Understanding Poverty and Inequality in Mozambique: The Role of Education and Labour Market Status

This thesis deals with poverty and inequality in Mozambique and with the link of education to well being through the labour market. Earlier studies that analyzed well-being in Mozambique drew counter intuitive conclusions about the spatial distribution of poverty and inequality. They focused excessively on money-metric indicators of well-being and adjusted the poverty line so as to make it reflect taste and price differentials across regions. This thesis suggests the use of a wealth index based on asset holding and derived by employing Multiple Correspondence Analysis to support the money metric results.


Growth, Poverty And Inequality In Mozambique

This Country Study examines poverty, inequality and economic growth in Mozambique since the acceleration of the market economy reforms after the end of the armed conflict in 1992 and the shift from one party state to multi-party democracy. It first reviews recent economic development  in terms of GDP growth and its changing sectoral composition and follows with an assessment of the impact on poverty and inequality on the other dimensions of human development via education and health .



Poverty and Inequality in Namibia: An Overview

The purpose of this booklet is to examine inequality in Namibia, including its causes, structural and otherwise, and the historical foundations thereof. Central to this booklet is the notion that inequality is a function of an economic system that creates economic injustice and is based on the needs of predatory capital. This system has become truly global over the years, producing high levels of poverty and inequality in various parts of the world, including Asia, Africa and Latin America. Inequality in Namibia has deep roots and today’s levels of inequality can be traced back from the period of colonial dispossession to the market-driven economic policies pursued after independence.


Poverty, Inequality and Growth Linkages: National and Sectoral Evidence from Post Independence Namibia

This paper provides an overview of poverty, inequality and growth in post-Independence

Namibia. The main findings of the paper are:

Inequality remained at more or less the same level between 1993/94 and 2003/04, with a very high Gini coefficient of around 0.60 for both periods. The finding that the level of inequality hardly changed contradicts previous reports that Namibia’s Gini coefficient decreased from 0.70 to 0.60 between 1993/94 and 2003/04. Income growth (as measured indirectly by consumption growth) over this ten-year period was higher among the poorest and richest households than among the middle classes. In terms of economic sectors, the most significant reduction in poverty was among subsistence farmers.


A Review of Poverty and Inequality in Namibia

This report presents an analysis of poverty and inequality in Namibia based on the expenditure data from the 2003/2004 Namibia Household Income and Expenditure Survey  conducted by the Central Bureau of Statistics Using the new CBN-based poverty lines, the study presents a detailed poverty profile of Namibia. This profile shows that poverty status in the country is closely correlated with a series of social, demographic, geographic and economic features of households. Multivariate analysis confirms that poverty levels in Namibia are higher for instance among households that are female-headed, based in rural areas and have one or more children. These results underscore the potential for poverty reduction through targeting of policies and interventions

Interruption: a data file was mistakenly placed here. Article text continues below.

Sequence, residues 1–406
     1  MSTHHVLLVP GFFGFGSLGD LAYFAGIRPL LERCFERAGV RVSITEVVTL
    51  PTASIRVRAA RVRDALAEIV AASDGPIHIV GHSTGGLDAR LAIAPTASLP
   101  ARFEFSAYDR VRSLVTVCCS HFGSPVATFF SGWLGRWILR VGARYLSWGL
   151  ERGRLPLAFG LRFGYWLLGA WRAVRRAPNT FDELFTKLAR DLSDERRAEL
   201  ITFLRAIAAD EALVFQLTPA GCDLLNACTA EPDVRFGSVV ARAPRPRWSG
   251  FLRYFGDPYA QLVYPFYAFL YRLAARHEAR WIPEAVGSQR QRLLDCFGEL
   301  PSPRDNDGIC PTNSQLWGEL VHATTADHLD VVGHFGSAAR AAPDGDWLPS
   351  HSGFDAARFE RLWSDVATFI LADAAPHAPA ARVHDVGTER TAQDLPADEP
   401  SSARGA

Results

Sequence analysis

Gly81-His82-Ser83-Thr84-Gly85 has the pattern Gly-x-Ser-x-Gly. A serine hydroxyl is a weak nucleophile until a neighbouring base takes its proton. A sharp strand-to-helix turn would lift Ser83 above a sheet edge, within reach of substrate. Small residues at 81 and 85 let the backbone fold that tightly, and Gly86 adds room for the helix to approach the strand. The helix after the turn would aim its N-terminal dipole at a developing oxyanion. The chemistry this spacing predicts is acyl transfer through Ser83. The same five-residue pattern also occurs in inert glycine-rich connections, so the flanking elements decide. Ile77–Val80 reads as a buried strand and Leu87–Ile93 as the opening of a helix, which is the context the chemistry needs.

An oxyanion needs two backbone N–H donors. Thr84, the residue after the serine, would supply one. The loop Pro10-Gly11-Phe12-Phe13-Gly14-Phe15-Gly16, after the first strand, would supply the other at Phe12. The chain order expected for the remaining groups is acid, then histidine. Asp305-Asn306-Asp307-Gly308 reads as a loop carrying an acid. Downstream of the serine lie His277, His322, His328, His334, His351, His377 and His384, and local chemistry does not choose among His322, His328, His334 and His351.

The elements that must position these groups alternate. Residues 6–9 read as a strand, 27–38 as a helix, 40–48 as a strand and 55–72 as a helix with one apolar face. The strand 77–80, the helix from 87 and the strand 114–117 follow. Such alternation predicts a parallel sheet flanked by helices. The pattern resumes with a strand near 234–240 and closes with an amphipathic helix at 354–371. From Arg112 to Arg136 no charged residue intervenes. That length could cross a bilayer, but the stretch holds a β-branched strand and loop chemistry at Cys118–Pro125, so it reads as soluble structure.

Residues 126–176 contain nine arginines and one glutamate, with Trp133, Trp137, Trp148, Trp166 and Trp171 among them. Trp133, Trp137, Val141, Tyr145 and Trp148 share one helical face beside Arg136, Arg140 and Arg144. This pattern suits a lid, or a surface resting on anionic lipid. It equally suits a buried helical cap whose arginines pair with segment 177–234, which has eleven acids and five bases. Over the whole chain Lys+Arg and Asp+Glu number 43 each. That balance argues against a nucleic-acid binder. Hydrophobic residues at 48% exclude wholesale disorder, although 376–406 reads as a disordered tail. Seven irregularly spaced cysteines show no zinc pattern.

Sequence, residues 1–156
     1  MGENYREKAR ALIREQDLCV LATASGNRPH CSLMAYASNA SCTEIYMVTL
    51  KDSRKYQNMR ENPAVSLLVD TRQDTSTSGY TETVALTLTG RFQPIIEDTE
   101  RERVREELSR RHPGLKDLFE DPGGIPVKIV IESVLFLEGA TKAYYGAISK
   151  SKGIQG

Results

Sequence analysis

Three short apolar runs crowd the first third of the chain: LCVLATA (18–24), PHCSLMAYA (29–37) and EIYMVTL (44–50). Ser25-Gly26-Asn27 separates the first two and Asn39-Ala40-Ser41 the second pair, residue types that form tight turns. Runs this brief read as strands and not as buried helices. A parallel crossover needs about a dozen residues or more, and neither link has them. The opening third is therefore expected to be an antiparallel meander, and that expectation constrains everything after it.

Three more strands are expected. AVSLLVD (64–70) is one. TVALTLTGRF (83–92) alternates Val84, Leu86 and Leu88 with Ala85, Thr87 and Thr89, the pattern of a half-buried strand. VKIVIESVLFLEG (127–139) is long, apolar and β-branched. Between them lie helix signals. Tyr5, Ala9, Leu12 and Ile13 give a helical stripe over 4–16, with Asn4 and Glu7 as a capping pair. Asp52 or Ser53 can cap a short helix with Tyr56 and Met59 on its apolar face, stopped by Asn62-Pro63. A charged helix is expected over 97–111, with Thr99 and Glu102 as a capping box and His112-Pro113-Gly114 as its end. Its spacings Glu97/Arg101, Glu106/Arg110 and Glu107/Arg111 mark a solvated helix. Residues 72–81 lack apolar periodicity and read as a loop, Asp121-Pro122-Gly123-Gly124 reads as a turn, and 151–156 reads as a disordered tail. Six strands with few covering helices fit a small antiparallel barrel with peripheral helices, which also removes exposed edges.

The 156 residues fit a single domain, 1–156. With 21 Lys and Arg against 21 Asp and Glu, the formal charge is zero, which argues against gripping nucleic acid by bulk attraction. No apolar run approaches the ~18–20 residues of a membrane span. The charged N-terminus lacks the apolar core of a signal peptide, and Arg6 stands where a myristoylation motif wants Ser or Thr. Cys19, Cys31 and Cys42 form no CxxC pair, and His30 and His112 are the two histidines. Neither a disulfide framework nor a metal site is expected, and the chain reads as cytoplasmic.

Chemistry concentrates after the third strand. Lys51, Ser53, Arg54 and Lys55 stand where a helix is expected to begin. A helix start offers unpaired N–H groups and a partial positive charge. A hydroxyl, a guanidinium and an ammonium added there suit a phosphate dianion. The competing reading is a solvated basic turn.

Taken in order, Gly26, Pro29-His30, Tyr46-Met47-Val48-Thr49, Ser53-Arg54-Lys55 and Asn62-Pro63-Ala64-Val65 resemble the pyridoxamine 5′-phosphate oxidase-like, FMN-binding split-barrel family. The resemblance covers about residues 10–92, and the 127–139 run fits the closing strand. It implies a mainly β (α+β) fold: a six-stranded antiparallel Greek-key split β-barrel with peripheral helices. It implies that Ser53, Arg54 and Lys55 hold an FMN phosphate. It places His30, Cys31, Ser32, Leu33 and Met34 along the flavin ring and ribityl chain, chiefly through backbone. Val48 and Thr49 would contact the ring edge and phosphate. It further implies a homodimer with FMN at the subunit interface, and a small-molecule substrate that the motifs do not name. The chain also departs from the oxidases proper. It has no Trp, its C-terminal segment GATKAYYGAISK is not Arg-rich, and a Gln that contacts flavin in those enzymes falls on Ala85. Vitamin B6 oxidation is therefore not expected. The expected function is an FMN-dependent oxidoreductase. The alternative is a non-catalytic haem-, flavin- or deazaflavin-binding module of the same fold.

Enterprise and Inequality: A Study of Avon in South Africa

This study, the first independent empirical investigation, reports that in South Africa, Avon helps some impoverished women earn a better income and inspires empowerment among them. The authors introduce a new theory, pragmatist feminism, to integrate past work on women’s entrepreneurship and argue that feminist scholars should reexamine the histories of the market democracies for replicable innovations that may have empowered women.


Inequality In South Africa

The success of South Africa’s future will require a redress of the wrongs of the past. South Africa has one of the highest levels of income and other inequalities in the world, and conversely, one of the most progressive Constitutions, one which guarantees both the rights of life, dignity and equality, but also provides justifiable socio-economic rights. This chapter concludes that tackling structural inequality, poverty and unemployment must be achieved to prevent social and political implosion in future years. Bold thinking and collective action is necessary to rebuild the country in the years to come.

Inequality in Namibia

The purpose of this booklet is to examine inequality in Namibia, including its  causes, structural and otherwise, and the historical foundations thereof. Central to this booklet is the notion that inequality is a function of an economic system  that creates economic injustice and is based on the needs of predatory capital. This  system has become truly global over the years, producing high levels of poverty and inequality in various parts of the world, including Asia, Africa and Latin America.

Inequality in Malawi

This chapter looks at the structural causes of inequality in Malawi as well as its economic and social aspects. It further contextualizes inequality from the precolonial era to the present, capturing the key role of the state in tackling related issues and advancing the rights and welfare of the people.


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